Zimbabwe has been in lockdown since the end of March, and all schools were closed to prevent the spread of COVID-19. To support communities during this period, Save the Children introduced the Education Cannot Wait Project in Chitungwiza and Epworth towns, where 200 community facilitators including Eugenia were trained and have been conducting door to door home visits in the community.
Elsa’s disability, combined with the pairs status as orphans, make Elvis and Elsa particularly vulnerable to the impact of COVID-19.
When her father passed away in 2018, McClean’s family was forced to move out of their house as they could not afford to pay rent. Since then her mother been struggling to provide for her five children, as well as send them to school. 10 year old McClean lives with her mother and siblings in Seke rural area which lies approximately 40 kilometres east of the capital city, Harare.
Thanks to funding from Global Partnership for Education, Garanje School is one of the 141 schools affected by Cyclone Idai which will benefit from the schools rehabilitation programme by Save the Children and the Ministry of Primary and Secondary Education.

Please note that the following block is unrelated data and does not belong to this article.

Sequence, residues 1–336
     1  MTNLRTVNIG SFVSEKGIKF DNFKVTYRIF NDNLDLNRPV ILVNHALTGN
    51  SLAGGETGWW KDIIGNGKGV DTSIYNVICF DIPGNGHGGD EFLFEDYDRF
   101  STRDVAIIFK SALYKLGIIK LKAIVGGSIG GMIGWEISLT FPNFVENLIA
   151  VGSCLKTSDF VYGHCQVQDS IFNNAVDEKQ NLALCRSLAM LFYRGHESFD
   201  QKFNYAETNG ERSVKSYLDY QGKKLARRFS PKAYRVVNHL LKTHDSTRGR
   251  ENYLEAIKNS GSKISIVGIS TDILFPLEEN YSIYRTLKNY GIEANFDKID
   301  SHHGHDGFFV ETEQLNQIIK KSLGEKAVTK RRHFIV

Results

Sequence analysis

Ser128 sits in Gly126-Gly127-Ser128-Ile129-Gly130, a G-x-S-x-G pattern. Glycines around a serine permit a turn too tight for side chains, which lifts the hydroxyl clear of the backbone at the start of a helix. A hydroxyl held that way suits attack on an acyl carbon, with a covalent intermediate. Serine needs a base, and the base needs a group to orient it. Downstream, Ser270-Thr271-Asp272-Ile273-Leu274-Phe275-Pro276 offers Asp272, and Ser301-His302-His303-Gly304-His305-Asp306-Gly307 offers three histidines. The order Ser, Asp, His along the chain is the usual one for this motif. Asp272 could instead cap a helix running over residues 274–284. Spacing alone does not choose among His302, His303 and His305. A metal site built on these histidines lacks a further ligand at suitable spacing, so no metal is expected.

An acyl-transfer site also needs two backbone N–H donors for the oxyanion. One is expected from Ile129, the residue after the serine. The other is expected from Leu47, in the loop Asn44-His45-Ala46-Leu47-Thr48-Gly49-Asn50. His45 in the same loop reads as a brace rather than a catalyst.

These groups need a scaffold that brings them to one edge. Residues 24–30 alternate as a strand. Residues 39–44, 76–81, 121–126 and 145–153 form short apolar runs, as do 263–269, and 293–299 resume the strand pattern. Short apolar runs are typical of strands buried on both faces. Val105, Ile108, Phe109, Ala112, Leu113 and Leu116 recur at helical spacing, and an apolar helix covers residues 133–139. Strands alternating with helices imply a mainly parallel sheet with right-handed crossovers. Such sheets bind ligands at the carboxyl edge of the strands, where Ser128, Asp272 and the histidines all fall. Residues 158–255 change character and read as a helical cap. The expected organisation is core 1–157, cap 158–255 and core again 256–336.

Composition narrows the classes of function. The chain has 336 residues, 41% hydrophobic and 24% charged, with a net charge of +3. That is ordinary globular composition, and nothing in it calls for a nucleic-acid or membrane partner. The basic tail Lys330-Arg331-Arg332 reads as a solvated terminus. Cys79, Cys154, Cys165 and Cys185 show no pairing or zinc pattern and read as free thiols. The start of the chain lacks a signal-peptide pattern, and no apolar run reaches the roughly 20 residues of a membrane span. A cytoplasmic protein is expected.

The Safe Back to School Campaign dialogue, comes against a background where most schools in Zimbabwe have remained closed for the greater part of the year 2020 due to the outbreak of COVID 19 in the country in March. While children in developed countries quickly moved to have online lessons, in Zimbabwe this was mostly possible for learners enrolled in private schools only. Most children enrolled in public schools could not have online lessons due to a myriad of challenges, notably lack of computers, electricity, absence of internet and Wi-Fi among others, thus denying thousands of children their right to education throughout the COVID-19 period.
Save the Children has carried out a global study to understand how the COVID-19 pandemic has impacted children’s health, nutrition, learning, wellbeing, protection, family finances, and poverty - and to identify the needs of children and their families. The research was implemented in 46 countries with 31,683 parents and caregivers and 13,477 children aged between 11 and 17. This brief summarizes the key findings of the impact of COVID-19 on children in urban areas.